IMF loan to help stabilise Serbian economy

The International Monetary Fund's executive board has approved a loan of 402.5 million euros to Serbia to help it cope with the global financial crisis.


AFP - The International Monetary Fund's executive board on Friday approved a 530-million-dollar loan for Serbia to help it cope with the global financial crisis, it said in a statement.

The board "approved a 15-month ... stand-by arrangement (about 402.5 million euros or 530.3 million dollars) to support the authorities' program aimed at maintaining macroeconomic and financial stability," the IMF said.

The approval makes 353.3 million dollars "immediately available. However, the Serbian authorities intend to treat the arrangement as precautionary, and not to draw on fund resources unless the need arises," it said.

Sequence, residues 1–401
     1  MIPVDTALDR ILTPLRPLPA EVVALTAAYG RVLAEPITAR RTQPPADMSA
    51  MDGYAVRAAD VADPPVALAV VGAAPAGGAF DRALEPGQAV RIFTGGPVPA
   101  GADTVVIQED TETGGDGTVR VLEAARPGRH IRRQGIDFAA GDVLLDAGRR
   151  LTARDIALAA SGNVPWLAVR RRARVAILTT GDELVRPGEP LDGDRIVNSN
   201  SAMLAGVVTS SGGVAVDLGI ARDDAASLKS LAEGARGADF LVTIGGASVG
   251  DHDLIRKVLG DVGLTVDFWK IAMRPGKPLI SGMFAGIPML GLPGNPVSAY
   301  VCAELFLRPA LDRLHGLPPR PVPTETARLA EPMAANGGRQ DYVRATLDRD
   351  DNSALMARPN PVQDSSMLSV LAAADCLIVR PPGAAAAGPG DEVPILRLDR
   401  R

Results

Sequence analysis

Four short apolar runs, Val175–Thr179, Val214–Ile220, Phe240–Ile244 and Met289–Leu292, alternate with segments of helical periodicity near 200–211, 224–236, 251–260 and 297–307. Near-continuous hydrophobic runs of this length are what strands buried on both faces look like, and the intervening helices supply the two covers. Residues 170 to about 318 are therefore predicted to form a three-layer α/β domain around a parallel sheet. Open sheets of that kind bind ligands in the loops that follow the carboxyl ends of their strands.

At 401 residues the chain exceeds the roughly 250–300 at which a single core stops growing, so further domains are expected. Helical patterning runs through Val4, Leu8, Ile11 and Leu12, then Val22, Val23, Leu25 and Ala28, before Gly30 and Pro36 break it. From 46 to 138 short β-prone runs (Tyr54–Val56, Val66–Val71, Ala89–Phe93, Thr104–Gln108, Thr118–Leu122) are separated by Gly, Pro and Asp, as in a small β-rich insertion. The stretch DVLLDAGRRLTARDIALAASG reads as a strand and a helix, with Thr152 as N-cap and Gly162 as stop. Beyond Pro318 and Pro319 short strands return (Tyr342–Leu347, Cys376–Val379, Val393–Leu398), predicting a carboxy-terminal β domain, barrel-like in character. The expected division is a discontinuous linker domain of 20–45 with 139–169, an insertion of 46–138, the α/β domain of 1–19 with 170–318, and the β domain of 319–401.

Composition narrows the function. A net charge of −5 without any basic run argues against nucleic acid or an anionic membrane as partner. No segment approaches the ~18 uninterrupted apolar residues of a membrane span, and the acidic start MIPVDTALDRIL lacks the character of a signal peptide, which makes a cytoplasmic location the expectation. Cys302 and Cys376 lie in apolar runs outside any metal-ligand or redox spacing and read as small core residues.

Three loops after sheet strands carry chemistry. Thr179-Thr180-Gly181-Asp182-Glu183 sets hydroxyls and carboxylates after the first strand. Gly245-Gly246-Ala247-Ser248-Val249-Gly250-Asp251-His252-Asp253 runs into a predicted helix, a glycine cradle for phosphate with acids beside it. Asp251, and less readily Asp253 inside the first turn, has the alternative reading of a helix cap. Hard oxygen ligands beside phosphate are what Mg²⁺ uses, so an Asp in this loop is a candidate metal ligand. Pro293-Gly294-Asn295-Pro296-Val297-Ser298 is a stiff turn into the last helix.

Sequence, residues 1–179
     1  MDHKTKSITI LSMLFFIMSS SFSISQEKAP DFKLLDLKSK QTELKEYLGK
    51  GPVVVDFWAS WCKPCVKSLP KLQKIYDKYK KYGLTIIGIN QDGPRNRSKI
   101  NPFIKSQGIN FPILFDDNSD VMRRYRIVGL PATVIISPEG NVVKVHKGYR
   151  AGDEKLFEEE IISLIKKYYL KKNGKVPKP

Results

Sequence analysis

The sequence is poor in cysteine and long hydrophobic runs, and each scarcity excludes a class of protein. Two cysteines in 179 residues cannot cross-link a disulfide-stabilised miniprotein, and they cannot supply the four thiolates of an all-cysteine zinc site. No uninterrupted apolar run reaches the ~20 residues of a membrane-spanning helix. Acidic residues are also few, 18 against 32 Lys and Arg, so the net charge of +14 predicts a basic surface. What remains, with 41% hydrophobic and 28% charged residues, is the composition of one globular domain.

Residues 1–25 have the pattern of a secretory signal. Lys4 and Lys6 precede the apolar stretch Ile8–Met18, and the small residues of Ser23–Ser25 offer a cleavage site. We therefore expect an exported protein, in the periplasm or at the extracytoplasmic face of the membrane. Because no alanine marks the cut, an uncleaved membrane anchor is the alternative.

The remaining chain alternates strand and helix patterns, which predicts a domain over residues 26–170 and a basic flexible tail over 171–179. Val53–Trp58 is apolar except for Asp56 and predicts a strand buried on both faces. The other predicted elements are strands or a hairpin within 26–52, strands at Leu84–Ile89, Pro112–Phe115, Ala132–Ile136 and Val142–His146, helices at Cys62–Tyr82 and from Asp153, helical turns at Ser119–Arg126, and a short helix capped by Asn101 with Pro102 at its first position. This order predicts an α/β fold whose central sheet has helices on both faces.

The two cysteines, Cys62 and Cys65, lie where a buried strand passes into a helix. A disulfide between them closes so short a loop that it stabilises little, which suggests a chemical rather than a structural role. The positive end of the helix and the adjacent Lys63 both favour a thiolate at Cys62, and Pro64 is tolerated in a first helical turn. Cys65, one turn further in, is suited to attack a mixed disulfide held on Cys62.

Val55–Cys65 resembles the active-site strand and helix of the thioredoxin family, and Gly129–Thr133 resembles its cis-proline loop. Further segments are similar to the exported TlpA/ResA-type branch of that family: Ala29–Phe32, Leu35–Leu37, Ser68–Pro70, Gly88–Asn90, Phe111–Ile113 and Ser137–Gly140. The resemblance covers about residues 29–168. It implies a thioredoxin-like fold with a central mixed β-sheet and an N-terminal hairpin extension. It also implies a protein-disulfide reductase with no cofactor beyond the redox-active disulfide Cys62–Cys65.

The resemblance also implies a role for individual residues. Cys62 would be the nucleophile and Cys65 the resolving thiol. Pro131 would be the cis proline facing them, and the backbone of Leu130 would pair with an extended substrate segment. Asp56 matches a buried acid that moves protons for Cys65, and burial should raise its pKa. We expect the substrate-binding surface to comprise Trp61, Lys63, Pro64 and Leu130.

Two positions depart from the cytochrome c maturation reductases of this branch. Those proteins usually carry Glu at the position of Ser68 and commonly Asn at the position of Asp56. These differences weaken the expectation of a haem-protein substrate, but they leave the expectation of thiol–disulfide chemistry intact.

"Serbia's recent stretch of robust growth and moderate underlying inflation -- underpinned by large capital inflows -- has been accompanied by the build-up of sizable external imbalances and vulnerabilities," said deputy managing director Murilo Portugal.

"With the global financial turmoil spilling over to Serbia, a rebalancing of the economy through a sharp slowing of credit and domestic demand seems necessary," he said according to an IMF statement issued after the decision.

The Serbian parliament last month approved an IMF-backed restrictive 2009 budget, adjusted to the expected consequences of the worldwide financial crisis.

Downgrading growth from initially expected 6.5 to 3.5 percent of GDP, the government plans to reduce the current account deficit to 16.3 percent of GDP, about 1.5 percentage points less than expected before the world financial crisis hit Serbia's fragile economy.

The targeted inflation for 2009 is eight percent.

In November, an IMF mission helped the Serbian government draft the 2009 budget and reached an accord with Belgrade on a 15-month stand-by agreement to allow Belgrade to draw on the IMF loan if needed.

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